If you’re in retail you want to take stock level fluctuations into account. Your insurance needs to cover the maximum levels you carry. Look for a policy that allows for seasonal increases.
The value that these assets contribute to your business should be a consideration in how much you insure them for (sums insured). You may opt to insure critical high value items for full replacement if the disruption to your operation without them would be extended and costly. If these items are also expensive and specialised you might want to consider industrial special risks insurance, which is designed to protect large investments in plant and machinery.
Step 3 Factors that influence the insurance terms, pricing and cover available to a business
With many influences that contribute to risk of loss, the insurance process involves being prepared to provide accurate information about your assets and your business operation to enable productive cover to be offered. Factors that influence your cover and information required include things such as:
the risks involved with your business: if you work with heavy machinery or whether your operation includes travel for deliveries, for example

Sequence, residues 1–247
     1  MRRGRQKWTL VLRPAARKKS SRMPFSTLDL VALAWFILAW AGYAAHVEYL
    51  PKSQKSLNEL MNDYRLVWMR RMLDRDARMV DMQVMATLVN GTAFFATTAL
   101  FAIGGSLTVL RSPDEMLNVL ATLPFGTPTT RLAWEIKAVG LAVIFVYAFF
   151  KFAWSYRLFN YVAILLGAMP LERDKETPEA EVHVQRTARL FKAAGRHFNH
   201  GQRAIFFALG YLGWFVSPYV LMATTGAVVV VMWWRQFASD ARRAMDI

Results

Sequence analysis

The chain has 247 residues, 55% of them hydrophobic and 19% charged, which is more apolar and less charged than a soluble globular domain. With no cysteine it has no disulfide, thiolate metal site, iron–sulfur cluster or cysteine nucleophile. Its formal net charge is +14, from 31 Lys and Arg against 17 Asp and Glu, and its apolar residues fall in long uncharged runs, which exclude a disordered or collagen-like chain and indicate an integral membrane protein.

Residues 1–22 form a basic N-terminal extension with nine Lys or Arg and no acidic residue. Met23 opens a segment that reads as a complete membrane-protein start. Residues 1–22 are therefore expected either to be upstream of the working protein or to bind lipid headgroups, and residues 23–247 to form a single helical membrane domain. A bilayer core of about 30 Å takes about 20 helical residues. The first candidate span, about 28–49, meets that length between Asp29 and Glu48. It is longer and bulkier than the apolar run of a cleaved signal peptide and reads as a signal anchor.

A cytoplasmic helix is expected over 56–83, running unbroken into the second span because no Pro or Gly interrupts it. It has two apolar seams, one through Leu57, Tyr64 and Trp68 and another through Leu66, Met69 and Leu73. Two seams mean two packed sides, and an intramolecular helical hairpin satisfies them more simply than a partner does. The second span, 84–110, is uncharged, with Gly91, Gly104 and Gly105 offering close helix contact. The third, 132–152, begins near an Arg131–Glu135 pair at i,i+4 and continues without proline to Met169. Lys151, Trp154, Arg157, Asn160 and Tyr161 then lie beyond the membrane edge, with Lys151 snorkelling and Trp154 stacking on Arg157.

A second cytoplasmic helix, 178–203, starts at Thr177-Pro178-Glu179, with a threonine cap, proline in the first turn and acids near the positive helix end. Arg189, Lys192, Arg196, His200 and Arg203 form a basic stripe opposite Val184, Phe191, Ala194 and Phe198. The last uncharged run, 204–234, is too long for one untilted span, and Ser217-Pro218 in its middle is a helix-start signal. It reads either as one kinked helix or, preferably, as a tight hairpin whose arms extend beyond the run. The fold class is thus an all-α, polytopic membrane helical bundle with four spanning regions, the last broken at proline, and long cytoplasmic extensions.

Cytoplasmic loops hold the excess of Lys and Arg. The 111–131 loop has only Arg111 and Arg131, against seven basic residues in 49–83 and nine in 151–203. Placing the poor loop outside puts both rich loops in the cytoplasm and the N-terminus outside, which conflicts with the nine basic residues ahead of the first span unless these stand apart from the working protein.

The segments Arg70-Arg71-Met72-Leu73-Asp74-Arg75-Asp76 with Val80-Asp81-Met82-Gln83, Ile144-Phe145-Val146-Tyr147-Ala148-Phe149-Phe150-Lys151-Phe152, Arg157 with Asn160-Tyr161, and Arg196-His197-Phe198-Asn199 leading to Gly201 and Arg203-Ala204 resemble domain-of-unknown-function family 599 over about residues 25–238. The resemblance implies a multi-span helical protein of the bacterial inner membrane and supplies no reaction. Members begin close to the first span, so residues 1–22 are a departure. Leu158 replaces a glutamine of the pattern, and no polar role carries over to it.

the materials in your buildings and products or stock, or your manufacturing processes: if your factory is insulated with expanded polystyrene sheeting, for example, or you work with environmental pollutants
your location, especially in relation to the likelihood of damage from events like cyclones or flooding
what risk mitigation measures you have in place, such as fire sprinkler systems or security for your premises, or a maintenance schedule for your equipment
your previous claims history also influences how insurance underwriters perceive your level of risk.
An insurance broker who knows your business and industry sector can help guide you in identifying assets that should be covered and what sort of risks apply to your situation.
Gallagher provides insurance, risk management and benefits consulting services for clients in response to both known and unknown risk exposures. When providing analysis and recommendations regarding potential insurance coverage, potential claims and/or operational strategy in response to national emergencies (including health crises), we do so from an insurance and/or risk management perspective, and offer broad information about risk mitigation, loss control strategy and potential claim exposures. We have prepared this commentary and other news alerts for general information purposes only and the material is not intended to be, nor should it be interpreted as, legal or client-specific risk management advice. General insurance descriptions contained herein do not include complete insurance policy definitions, terms and/or conditions, and should not be relied on for coverage interpretation. The information may not include current governmental or insurance developments, is provided without knowledge of the individual recipient’s industry or specific business or coverage circumstances, and in no way reflects or promises to provide insurance coverage outcomes that only insurance carriers’ control.